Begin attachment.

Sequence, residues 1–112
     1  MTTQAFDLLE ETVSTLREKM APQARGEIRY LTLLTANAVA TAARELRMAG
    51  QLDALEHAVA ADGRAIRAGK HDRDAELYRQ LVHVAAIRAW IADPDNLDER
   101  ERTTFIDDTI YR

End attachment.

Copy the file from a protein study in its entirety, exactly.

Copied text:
Sequence, residues 1–112
     1  MTTQAFDLLE ETVSTLREKM APQARGEIRY LTLLTANAVA TAARELRMAG
    51  QLDALEHAVA ADGRAIRAGK HDRDAELYRQ LVHVAAIRAW IADPDNLDER
   101  ERTTFIDDTI YR